Baltimore Ravens quarterback Joe Flacco may be a good quarterback, he may be a great one, and after the Super Bowl next week, he may even be counted among the league's "elite" quarterbacks (whatever that means), but one thing is completely certain—Flacco is in a contract year.
After the season closes, Flacco is headed for free agency. Granted, there's no chance that will happen, but it does means the Ravens need to come up with the cash to pay him. If anything, Flacco has proven he's the Ravens' franchise quarterback, and he's worthy of a deal to match that status.
The issue is whether or not the Ravens will have the money available to pay Flacco what he's worth. Earlier in January, Aaron Wilson of the Baltimore Sun detailed the Ravens' salary cap situation for 2013, taking into account the retirement of Ray Lewis and not including any money to potentially be paid to impending free agents like Flacco.
He estimates that the Ravens are on the hook for just over $107 million in the upcoming season, with the cap likely not being much higher than the $120.6 million it was last year. That means the Ravens have around $13 million to work with, which means whatever deal Flacco ends up getting, it may not be all that lucrative in its first year.
There are two options for the Ravens and Flacco—a contract or the franchise tag, which is worth $14.6 million in 2013. Either way, there will need to be restructures elsewhere on the roster and difficult decisions made to afford either payday.
Though Flacco has helped take the Ravens to the playoffs in each of the five seasons he's been their starter, this is the team's first Super Bowl appearance in that span. A win would likely increase Flacco's value and with it his salary, but it will be a stretch to assume that Flacco will get a deal akin to that of the New England Patriots' Tom Brady, who signed a five-year, $78.5 million deal in 2010 and who could have made even more than that had he asked for it.
One could guess that Flacco's eventual contract could end up somewhere around the Matt Schaub-Matt Ryan level. Both men have approximately the same amount of money paid out to them over the course of the deals, with Ryan's, which he signed in 2008, worth $66 million over six years and Schaub's, which dates to just last year, worth $66.15 million over five. Though it seems like these two contracts are the same, there are differences of note, which need examining when we're talking about what Flacco may expect in the offseason.
In terms of a cap-friendly deal, Ryan's serves as a good template for Flacco. Though his deal is worth just $150,000 less than Schaub's, the way his contract breaks down on a yearly basis fits better with how much money the Ravens have to work with in 2013. However, it would require Flacco to have not only patience with his team but also the trust that he'll be in Baltimore long enough to see the yearly increases in salary.
Ryan made just $295,000 in base salary the first year of his deal, however, that first year also included a $1.49 million signing bonus and $2.505 million in other bonuses, making his final payday in 2008, $4.290 million. In contrast, Schaub's base pay was $4.4 million and the cap hit a total of $11.7 million including bonuses.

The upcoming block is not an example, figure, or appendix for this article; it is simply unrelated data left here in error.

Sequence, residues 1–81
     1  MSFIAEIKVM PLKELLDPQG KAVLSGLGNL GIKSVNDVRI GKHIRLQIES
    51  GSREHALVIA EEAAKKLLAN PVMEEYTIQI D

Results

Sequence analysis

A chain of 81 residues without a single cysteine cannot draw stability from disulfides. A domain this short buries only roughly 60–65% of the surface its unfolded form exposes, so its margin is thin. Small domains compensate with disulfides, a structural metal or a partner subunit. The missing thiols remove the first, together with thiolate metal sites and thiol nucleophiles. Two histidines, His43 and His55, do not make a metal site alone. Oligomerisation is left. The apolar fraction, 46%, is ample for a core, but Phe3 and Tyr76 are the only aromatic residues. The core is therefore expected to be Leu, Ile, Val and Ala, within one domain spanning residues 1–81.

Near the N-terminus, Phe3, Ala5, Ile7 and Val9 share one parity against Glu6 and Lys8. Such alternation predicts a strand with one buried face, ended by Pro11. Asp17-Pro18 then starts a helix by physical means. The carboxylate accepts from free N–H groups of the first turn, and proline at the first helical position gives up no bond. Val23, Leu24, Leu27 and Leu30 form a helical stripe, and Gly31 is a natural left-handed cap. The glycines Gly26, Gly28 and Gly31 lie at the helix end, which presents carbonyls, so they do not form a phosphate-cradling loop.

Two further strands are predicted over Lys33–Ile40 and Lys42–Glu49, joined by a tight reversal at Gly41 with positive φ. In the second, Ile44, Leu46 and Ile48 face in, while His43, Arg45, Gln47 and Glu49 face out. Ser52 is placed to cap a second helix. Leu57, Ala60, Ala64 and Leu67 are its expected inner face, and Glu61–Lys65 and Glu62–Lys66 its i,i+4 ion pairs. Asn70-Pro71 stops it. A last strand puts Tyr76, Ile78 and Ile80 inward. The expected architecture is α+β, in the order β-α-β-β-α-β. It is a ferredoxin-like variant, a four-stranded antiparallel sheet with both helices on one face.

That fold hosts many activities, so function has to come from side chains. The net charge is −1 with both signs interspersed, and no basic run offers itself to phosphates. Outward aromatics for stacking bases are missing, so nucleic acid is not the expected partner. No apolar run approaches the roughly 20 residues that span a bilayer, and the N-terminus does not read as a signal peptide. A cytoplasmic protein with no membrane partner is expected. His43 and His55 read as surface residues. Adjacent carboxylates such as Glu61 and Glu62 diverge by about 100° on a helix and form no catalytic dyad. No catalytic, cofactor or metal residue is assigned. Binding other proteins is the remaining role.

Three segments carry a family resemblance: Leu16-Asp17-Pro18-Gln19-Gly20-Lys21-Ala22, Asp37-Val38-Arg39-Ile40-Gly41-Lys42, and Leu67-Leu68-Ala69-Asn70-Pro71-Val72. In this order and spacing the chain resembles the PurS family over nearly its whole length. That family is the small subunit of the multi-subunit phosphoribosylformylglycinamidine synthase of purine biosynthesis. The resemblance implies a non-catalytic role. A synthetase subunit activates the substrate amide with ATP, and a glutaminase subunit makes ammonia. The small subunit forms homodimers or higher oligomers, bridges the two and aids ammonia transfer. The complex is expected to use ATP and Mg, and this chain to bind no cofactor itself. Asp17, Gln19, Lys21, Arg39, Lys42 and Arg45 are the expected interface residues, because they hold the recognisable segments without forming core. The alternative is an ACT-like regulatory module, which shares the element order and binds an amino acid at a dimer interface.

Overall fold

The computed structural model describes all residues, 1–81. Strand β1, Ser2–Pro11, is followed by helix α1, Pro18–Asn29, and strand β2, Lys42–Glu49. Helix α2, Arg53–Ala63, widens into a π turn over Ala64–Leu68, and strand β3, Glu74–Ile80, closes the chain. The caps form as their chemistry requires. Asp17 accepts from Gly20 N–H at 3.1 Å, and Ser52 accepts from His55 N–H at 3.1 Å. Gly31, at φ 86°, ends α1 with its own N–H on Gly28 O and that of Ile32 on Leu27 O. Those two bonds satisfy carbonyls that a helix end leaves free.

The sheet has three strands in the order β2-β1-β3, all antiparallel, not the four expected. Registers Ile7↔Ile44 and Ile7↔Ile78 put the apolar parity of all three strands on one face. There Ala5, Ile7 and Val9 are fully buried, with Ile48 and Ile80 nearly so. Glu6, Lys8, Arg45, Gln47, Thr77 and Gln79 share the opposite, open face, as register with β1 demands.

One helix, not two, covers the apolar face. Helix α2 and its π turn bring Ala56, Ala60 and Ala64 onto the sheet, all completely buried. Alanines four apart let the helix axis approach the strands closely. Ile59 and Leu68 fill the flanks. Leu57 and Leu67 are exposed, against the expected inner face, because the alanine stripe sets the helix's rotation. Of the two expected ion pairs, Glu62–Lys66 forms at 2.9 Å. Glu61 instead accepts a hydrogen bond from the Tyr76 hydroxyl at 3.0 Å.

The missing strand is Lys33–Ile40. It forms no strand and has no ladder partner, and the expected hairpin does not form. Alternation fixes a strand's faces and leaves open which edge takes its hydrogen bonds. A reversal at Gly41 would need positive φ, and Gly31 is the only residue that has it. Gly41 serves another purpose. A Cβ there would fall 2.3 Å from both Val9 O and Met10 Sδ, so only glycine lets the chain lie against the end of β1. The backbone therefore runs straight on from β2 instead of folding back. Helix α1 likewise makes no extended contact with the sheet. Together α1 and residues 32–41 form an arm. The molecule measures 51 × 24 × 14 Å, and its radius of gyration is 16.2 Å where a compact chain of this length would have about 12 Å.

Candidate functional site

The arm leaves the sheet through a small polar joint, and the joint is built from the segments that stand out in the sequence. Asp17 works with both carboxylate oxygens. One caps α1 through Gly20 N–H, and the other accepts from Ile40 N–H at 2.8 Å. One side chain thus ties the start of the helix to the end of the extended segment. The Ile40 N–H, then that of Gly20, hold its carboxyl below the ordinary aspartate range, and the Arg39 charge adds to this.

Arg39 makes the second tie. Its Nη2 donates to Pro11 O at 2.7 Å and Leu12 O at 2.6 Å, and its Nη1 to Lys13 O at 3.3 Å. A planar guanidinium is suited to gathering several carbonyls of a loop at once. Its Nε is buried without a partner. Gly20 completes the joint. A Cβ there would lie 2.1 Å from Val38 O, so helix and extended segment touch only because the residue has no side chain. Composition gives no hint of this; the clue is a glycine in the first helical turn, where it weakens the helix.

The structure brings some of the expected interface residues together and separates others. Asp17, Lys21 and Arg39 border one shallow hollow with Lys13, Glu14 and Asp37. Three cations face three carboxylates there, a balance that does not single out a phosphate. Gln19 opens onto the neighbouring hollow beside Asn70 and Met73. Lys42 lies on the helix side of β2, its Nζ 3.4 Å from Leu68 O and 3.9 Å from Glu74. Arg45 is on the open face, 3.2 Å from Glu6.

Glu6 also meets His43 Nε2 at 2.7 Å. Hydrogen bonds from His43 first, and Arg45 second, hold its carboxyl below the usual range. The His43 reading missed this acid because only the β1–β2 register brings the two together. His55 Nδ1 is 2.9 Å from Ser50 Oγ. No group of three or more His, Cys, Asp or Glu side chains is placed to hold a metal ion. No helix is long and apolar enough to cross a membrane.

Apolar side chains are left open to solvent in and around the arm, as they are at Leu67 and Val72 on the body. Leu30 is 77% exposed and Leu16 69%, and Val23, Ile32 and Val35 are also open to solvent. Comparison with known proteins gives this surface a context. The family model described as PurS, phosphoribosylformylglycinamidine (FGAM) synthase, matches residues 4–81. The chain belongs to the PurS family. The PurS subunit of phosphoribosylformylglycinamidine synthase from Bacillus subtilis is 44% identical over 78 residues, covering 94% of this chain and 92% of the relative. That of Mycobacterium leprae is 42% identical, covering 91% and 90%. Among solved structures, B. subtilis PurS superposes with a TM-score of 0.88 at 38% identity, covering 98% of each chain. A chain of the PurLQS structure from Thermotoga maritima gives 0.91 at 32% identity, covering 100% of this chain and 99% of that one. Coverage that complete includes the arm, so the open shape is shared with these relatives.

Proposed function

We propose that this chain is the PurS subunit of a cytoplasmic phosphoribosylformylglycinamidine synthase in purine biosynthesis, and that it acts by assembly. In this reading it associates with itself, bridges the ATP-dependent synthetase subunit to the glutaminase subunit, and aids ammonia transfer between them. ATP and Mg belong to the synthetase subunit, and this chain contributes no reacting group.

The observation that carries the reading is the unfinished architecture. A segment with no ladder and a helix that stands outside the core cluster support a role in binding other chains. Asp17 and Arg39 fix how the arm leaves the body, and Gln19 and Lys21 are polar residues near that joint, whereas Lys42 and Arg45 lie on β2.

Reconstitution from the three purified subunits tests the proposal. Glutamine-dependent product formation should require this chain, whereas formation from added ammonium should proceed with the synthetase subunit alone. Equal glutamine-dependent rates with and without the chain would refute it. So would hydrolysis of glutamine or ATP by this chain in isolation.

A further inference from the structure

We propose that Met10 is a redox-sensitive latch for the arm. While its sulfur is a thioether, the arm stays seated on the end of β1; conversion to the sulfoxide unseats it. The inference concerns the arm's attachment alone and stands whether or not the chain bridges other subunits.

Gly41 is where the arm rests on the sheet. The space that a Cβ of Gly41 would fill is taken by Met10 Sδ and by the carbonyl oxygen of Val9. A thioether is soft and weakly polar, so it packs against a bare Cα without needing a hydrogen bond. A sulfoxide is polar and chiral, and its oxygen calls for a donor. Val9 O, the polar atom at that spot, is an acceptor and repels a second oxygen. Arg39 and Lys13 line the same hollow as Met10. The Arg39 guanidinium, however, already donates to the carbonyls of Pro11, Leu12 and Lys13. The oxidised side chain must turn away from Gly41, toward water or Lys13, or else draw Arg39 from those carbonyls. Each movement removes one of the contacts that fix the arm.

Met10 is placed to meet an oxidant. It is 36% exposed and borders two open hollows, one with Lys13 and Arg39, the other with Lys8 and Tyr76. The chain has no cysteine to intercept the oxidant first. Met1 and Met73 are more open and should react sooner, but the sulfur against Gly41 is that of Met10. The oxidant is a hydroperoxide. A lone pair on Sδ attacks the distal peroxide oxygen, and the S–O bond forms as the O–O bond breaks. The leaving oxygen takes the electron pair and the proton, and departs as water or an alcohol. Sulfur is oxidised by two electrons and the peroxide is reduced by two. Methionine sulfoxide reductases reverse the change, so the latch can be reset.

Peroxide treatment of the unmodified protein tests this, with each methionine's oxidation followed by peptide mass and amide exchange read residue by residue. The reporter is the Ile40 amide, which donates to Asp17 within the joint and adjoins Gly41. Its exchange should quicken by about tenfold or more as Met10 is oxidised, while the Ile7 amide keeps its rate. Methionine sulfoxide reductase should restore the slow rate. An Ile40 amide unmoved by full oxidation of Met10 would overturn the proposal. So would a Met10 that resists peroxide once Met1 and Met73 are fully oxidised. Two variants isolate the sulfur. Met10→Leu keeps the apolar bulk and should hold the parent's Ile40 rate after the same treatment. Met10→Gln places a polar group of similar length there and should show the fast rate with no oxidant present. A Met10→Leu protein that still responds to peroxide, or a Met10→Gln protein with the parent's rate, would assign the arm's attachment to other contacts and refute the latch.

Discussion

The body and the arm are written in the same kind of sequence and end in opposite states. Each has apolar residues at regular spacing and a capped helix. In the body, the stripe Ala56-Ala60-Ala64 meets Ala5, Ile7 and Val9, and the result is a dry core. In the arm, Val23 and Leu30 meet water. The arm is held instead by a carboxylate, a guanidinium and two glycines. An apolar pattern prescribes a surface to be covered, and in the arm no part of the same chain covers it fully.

With a low base salary and bonuses that can be prorated over the course of the deal, Flacco can save his team a lot of financial grief. There are a number of his teammates who have played major roles in the Ravens' success this season who are headed to free agency who would be better off re-signed by Baltimore, and the announcement on Thursday that safety Ed Reed has no retirement plans also means that the Ravens will likely need to find some cash for him this offseason as well.
Schaub's total first-year cap hit is $11.7 million and rises to a high of $19 million in the final year, whereas Ryan's contract took a $5 million leap between the first and second years when salary and bonuses are combined, peaked in 2011 with a total $13.74 million in payouts and drop down to $10 million in the final year.
Should Flacco get a contract in the $65-70 million range this offseason, that will put him in the top 10 of quarterback paydays—and in fact, just the $150,000 more that Schaub is making over Ryan makes him the seventh-highest paid quarterback in the league, while Ryan ranks 13th. That seems fair for Flacco, considering his track record of playoff appearances as well as the fact that we've likely yet to see his ceiling.
Considering the cap issues, the franchise tag seems to be out of the question for Flacco this year and will only happen if negotiations between his camp and the Ravens completely break down. If Flacco got the tag, there would need to be a housecleaning of current contracts and the vast majority of impending free agents would be forced to walk. It would hurt the team far more than it would help it and doesn't ultimately serve Flacco's best interests.
With a deal structured like Ryan's, Flacco gets the money a quarterback of his caliber is worth and the Ravens are able to do it in a cap-friendly way that won't cost other contributing members of the Ravens roster their jobs in Baltimore. It acknowledges his value to his team but doesn't unduly break the bank.
A smaller paycheck in 2013 and gradual increases in the years to follow—when the cap is likely to grow significantly—means Flacco has to wait to get the big money, but as long as he trusts that the Ravens want him under center through the duration of his deal, it's worth it.